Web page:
Now we have a complete system in place at the KnOwhere Store in Hilton Head and one of our client's facilities in Chicago. Video cameras on the floor are tied to a switcher run by a technical director. Feeds from the switcher run to video monitors in front of each documentor (who can now be anywhere in the world via the Internet). Time code is stamped on the video picture and computers are synchronized to it. Time code is set to local date and time. Computers are connected via a LAN so they can share the same database and time code-based Infolog numbers are calculated automatically each time a new record is created.

There are several documentation roles which can be performed by a variable number of people depending on the structure of the Crew.

  1. The Keyworder creates a new record each time the topic, referenced graphic on the walls, or speaker changes. The Keyworder breaks up longer speeches into small chunks--anytime a new paragraph seems in order. Entries consist of only key words or memorable phrases separated by commas.

  2. The Summary Documentor creates a new record each time a major theme emerges or the conversation or report swings into a completely new topic. He has considerable latitude in determining when that is. The style of writing may paraphrase or quote the speakers, or summarize the speakers in a journalistic fashion.

  3. The Wall Mapper creates a new record every time a new image is spotlighted or referred to on the WorkWalls or elsewhere in the environment. This could be a Hypertile, a diagram drawn on the walls themselves, or a physical model placed in the room. He also keeps a tile map that shows the relative position and order in which different graphical elements were presented. This is particularly important for work placed on large walls. The Wall Mapper does not drop the actual images from the wall into the database

  4. The Digital Camera Artist captures images from the wall or from Hypertiles, or images of physical models on time coded video tape as either video or stills and hands them off to the Digital Graphics Director to merge them with the Wall Mapper's database.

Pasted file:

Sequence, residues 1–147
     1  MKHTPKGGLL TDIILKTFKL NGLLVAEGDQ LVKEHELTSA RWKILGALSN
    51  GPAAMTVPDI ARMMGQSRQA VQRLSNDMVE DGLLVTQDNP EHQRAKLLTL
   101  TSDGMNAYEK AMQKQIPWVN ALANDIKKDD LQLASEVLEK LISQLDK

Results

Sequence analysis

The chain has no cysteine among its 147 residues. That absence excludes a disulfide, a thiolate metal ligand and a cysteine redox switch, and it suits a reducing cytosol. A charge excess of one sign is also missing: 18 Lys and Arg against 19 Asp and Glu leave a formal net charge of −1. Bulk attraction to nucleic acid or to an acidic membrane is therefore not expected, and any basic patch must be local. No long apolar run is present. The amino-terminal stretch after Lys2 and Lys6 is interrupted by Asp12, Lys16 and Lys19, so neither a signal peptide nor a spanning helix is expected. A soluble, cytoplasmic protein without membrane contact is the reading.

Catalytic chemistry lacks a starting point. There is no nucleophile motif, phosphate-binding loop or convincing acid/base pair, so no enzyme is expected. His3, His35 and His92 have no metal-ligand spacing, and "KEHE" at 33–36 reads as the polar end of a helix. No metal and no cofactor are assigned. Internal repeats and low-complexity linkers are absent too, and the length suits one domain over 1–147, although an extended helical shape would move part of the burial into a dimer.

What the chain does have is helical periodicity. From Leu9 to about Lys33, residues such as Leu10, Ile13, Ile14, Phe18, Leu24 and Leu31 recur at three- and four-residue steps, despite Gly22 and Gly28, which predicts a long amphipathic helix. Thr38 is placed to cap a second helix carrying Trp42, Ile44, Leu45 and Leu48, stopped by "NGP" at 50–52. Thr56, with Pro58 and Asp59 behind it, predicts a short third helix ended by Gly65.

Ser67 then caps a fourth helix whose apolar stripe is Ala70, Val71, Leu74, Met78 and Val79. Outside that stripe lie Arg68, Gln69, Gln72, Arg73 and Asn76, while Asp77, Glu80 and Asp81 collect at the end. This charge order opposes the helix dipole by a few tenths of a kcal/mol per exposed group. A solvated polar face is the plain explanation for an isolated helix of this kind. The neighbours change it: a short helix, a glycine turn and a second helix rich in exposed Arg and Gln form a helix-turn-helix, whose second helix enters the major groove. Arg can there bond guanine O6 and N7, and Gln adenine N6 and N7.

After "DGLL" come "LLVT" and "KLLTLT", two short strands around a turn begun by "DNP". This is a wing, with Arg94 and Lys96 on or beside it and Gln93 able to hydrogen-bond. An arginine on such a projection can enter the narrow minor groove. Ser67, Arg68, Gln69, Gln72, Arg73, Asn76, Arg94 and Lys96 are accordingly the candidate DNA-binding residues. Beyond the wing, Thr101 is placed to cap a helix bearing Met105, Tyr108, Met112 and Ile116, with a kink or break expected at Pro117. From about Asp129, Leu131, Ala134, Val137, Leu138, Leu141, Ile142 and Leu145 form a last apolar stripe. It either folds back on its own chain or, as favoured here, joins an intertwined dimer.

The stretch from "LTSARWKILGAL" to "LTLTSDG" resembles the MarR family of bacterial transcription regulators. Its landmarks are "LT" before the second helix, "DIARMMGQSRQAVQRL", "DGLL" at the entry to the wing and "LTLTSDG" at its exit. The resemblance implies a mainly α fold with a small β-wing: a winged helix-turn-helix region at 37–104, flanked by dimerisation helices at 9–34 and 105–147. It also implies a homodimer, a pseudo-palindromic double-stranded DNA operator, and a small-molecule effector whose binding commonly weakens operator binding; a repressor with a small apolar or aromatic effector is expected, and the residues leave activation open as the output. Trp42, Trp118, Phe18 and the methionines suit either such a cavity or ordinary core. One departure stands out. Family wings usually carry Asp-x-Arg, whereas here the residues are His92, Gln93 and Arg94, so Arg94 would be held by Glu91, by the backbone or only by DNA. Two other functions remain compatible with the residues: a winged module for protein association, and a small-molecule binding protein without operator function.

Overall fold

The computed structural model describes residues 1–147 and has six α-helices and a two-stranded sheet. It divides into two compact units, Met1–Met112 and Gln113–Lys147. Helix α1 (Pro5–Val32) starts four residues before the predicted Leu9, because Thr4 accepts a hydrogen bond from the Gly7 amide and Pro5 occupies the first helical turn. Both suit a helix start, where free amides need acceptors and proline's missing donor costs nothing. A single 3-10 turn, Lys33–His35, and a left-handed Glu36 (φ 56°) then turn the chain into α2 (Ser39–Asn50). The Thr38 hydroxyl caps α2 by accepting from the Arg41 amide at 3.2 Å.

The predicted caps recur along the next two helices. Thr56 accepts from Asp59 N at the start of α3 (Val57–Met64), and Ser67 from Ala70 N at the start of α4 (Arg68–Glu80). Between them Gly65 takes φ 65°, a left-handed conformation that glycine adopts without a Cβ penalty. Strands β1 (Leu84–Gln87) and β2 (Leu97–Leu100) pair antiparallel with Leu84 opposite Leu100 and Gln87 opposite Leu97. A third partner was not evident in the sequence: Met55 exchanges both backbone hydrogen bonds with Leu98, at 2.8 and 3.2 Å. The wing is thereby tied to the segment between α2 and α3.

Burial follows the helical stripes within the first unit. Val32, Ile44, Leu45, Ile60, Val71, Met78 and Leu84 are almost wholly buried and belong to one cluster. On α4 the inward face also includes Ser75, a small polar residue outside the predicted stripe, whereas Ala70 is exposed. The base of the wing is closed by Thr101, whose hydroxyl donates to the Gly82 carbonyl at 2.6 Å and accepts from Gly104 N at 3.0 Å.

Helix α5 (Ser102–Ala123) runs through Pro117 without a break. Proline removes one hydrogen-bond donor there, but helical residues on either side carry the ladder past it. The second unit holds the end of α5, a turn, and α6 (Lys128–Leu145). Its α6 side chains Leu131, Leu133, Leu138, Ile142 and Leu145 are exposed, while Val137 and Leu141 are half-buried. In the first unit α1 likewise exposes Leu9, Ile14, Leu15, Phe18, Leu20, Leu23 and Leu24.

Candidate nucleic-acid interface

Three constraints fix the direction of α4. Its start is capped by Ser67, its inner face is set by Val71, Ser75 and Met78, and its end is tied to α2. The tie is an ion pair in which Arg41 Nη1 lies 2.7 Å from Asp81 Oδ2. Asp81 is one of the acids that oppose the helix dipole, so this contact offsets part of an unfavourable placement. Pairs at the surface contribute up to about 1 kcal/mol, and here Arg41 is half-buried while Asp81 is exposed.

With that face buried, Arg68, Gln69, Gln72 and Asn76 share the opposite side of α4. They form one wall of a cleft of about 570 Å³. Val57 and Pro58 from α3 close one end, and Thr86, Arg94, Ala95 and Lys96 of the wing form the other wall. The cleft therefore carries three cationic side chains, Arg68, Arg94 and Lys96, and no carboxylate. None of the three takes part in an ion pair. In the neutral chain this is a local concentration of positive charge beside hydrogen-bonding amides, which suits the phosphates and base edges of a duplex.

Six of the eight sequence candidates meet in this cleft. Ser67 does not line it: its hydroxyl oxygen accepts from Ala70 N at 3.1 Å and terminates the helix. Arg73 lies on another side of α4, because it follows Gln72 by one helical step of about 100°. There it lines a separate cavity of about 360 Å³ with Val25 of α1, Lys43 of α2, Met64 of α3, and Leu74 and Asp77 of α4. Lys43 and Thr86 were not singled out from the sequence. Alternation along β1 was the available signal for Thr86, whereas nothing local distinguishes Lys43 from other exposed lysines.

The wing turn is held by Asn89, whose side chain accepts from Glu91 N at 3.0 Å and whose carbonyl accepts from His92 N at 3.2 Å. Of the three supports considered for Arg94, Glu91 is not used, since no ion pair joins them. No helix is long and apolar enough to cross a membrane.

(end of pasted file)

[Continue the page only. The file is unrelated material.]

5. The Digital Graphics Director merges images from the Walls, Hypertiles, or physical models in the environment with the correct records in the Wall Mapper's database. Now all of the graphics are maintained in the database (or they may be linked to the records instead of physically stored) in chronological sequence of presentation.

  6. The Editor is in charge of continuity, style and accuracy of the content. Whoever captures the raw documentation is responsible for the clean-up and first edit and then the work is passed on to the Editor.

  7. The Link Manager is the database developer and manager and makes sure that all of the records are feeding into the database properly, with the correct Infolog numbers.

Pros and Cons

The old style Journal had a flow to the text much like a novel or a textbook. It was easily read from front to back like a novel.

The new Journal has a more chaotic feel to it, which definitely has jarred some readers, while others absolutely love it. Keyword records mingle with longer summary statements and graphics. The new look, being in a database, has a different aesthetic when printed on paper (some say that the term "different aesthetic" is the politically correct way of saying something else).

The new Journal truly shines in its electronic form. Records can be sorted, searched, and grouped according to any number of criteria. The different layouts can be changed to provide different views of the information in each record. Producing work products and finished video programs will be much easier in the future.

So far, the increased use of technology and some other, undiagnosed factors are causing the production of the new Journal to stretch out longer than that of the old one. If these challenges can be overcome, however, the new Journal should be published after its first edit and available electronically.

It is possible to bring the look and feel of the new Journal closer to that of the old style, simply by removing the Keywords records to a separate section. That leaves the summary text and graphics to make up the body of the Journal, which is precisely the composition of the old Journal.

The Journal is still only as good as its documentors. Crew members now have higher standards of writing, camera work, switching, editing, and database design to aspire to.